Monday, October 10, 2005

More SystemTap Thoughts

I've read the SystemTap architecture paper. My initial reactions, which might be muddied by misunderstandings, misreadings, general ignorance, etc.:
  1. Every script execution invokes the GCC toolchain to produce a kernel module, then loads that module, executes for a time, and unloads the module. This makes implementation more tractable, because the SystemTap folks don't have to write a different back-end for every CPU, nor do they have to define a little bytecode VM for user-level to communicate with the kernel, as DTrace did. However, this compile-link-load cycle may take a user-perceptible chunk of time, especially if a script is invoked repeatedly from some other script. Worrying about this sort of incremental friction might seem like premature optimization, but when you rely for runtime performance on a big piece of software that is not optimized for runtime performance, such as the GCC compile/link cycle (which, after all, is optimized to produce fast binaries, not to produce binaries fast), you're throwing away a lot of flexibility right out of the gate.
  2. I'm not in love with the language. Like D, it uses C's expression syntax. However, unlike D, it doesn't use C's type syntax. This isn't just an inconvenience. D scripts can #include header files right out of a source tree, or the kernel, or wherever, and can use those types in a natural way. This can be very helpful when instrumenting a C application.
  3. On the other hand, when not instrumenting a C application, the architecture doesn't seem to anticipate external sources of probe points. They discuss being able to probe user-level applications, but only in terms of tracing specific program counters. This doesn't always make sense. If, e.g., the target application is a scheme interpreter, the programmer will want to interact with his program's control flow in terms of source-level function entry/exit, rather than random program counters within the interpreter. While the core functionality of SystemTap can be extended via "TapSets," it sounds like these tapsets are stuck on the wrong side of the application being probed to do this sort of thing well. (I.e., instead of the scheme interpreter publishing a semantic interface to its internals, the TapSet has to contain enough knowledge about the scheme interpreter to reverse engineer its current state.)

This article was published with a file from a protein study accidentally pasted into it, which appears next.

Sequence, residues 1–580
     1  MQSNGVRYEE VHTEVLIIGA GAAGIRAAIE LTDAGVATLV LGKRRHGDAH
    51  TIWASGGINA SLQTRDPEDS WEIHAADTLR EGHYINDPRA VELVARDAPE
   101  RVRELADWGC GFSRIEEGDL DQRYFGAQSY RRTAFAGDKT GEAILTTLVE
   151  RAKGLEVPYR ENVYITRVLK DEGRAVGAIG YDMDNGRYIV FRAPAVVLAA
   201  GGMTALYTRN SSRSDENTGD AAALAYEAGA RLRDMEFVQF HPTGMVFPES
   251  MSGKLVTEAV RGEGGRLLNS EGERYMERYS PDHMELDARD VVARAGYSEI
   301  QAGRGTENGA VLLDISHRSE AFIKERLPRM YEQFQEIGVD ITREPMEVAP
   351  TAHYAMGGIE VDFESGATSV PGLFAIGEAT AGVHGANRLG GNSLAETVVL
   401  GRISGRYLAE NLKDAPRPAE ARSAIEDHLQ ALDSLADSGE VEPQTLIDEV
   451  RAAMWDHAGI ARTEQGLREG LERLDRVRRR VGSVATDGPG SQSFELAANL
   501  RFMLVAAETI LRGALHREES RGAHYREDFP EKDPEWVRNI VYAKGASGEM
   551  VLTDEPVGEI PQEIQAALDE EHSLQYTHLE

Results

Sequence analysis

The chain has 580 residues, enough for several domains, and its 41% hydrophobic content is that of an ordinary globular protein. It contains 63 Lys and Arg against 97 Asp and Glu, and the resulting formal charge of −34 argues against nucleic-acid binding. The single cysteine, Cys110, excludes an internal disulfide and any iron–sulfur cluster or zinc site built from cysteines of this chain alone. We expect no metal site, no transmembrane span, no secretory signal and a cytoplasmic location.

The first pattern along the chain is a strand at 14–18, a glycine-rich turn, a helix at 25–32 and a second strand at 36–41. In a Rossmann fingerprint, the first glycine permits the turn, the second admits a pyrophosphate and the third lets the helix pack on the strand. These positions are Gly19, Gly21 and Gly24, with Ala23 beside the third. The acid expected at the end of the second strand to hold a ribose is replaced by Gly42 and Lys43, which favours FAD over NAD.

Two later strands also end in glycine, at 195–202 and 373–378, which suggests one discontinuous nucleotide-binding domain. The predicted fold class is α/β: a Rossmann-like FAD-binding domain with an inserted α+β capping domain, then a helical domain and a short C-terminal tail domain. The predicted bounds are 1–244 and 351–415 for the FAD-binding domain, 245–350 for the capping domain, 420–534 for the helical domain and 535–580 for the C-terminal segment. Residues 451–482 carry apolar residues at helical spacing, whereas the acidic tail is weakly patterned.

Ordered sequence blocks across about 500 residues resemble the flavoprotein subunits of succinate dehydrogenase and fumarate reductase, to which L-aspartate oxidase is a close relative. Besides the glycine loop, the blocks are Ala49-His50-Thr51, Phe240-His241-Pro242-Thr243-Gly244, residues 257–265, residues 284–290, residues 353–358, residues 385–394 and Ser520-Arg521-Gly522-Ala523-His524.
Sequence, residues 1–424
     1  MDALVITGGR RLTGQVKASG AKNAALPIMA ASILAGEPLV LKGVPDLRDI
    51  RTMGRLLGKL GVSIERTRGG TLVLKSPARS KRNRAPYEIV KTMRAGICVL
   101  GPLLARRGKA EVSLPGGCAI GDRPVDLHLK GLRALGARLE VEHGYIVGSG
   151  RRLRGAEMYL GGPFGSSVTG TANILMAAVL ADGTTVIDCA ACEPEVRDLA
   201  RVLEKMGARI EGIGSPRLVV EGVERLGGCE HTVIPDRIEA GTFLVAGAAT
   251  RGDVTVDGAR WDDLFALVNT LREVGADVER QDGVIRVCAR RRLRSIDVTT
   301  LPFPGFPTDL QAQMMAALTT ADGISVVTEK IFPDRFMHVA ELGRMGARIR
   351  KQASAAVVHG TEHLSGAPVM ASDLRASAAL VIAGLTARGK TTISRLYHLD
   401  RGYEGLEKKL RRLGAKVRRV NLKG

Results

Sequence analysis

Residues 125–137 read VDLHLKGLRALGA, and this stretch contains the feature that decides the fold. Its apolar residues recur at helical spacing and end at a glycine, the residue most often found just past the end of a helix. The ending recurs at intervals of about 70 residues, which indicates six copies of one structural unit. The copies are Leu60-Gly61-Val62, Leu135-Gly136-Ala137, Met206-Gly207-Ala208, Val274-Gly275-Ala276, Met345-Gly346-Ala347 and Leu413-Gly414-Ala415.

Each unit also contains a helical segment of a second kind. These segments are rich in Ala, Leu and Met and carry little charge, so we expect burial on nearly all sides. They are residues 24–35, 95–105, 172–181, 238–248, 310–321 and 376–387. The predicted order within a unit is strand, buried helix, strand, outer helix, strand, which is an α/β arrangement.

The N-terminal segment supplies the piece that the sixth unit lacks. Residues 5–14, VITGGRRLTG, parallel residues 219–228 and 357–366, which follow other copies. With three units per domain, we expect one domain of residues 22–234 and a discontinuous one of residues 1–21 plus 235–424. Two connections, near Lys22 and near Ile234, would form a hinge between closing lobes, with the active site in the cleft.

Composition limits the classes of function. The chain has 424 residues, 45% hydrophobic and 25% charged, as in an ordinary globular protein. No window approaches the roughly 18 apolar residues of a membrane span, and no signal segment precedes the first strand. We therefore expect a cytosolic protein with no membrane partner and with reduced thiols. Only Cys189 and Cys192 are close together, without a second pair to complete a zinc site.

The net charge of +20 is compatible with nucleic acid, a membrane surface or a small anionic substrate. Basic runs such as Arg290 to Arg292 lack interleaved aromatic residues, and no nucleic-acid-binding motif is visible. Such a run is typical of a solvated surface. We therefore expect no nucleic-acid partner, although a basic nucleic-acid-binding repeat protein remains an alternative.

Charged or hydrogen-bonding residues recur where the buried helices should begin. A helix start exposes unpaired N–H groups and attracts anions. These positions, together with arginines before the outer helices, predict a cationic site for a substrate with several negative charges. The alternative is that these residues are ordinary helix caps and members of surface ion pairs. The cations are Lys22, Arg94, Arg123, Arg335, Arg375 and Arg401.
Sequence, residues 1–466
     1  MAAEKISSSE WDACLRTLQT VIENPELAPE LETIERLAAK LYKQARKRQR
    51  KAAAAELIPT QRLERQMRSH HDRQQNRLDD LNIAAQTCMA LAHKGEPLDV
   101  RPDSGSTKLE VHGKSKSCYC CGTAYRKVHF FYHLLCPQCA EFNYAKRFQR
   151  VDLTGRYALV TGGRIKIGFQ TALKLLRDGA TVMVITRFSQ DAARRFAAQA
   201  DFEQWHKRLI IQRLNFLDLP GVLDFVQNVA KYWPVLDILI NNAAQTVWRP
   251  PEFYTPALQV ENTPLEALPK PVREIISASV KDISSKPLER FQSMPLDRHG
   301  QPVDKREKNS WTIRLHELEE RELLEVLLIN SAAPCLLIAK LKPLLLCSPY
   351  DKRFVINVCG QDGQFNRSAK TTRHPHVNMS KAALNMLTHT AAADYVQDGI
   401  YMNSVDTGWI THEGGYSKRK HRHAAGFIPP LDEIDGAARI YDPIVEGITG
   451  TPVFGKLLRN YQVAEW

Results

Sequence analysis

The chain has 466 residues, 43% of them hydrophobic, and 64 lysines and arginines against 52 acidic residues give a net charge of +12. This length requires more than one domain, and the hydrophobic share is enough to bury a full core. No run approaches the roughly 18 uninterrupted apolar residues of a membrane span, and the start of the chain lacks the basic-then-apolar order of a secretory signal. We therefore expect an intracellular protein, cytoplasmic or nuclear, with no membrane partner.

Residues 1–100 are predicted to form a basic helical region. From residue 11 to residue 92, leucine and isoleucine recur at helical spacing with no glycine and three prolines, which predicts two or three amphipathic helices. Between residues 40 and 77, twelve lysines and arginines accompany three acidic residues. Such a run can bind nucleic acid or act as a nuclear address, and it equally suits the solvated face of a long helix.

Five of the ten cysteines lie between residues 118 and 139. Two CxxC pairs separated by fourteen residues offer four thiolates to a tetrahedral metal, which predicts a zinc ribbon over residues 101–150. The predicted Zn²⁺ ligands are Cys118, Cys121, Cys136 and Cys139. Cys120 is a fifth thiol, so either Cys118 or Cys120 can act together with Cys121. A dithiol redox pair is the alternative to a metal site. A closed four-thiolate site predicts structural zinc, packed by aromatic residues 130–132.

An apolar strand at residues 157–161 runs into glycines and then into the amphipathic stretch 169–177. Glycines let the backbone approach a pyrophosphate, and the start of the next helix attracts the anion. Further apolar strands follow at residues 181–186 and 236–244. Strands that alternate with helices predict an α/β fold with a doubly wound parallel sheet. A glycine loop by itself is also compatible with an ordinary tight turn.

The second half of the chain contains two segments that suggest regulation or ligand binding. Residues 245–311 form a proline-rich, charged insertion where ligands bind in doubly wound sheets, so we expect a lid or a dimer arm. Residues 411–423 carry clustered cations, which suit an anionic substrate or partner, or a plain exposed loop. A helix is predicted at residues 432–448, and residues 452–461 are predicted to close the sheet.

This last point, if I understand it right, is really unfortunate. It basically limits SystemTap's full powers to the kernel; applications can only be instrumented at the machine-language level. Some of the more powerfully convincing DTrace demos involve following an execution path all the way from application-level into the nittiest-grittiest kernel guts. The ability to telescope from the ethereally high level of a scripted language all the way down to the kernel grovelling around in the APIC and back again is one of the more exciting things about DTrace. I hope the SystemTap folks haven't given up on achieving this for Linux.

Or, of course, maybe I'm just not getting it. Perhaps some SystemTappers out there can set me straight?


Blogger Frank Ch. Eigler said...

Sorry for not responding to your weblog article earlier. We can't monitor everywhere - feel free to post to our mailing list.

With respect to your points:

1) Indeed, relying on gcc is a speed challenge. We are working on several means to reduce the penalty (caching compiled scripts, reorganizing the generated C code to let the compiler work faster). Simple scripts are already fast (a second or two).

2) I'm not familiar with implementation details of dtrace's #include, but I suspect it's not quite what it seems (consider #ifdefs). In systemtap, we extract type information from the debugging information compiled into the executable, so to a large extent things work automatically. It's the same as in a debugger, when you evaluate an target-side expression, it does so by processing debugging information, not by parsing source code.

3) With respect to probe points such as perl interpreter function calls, we will be able to include that soon after general user-space dynamic probing is implemented. It's a matter of cleverly composing several technologies, not one of architectural change or inadequacy.

7:56 AM  

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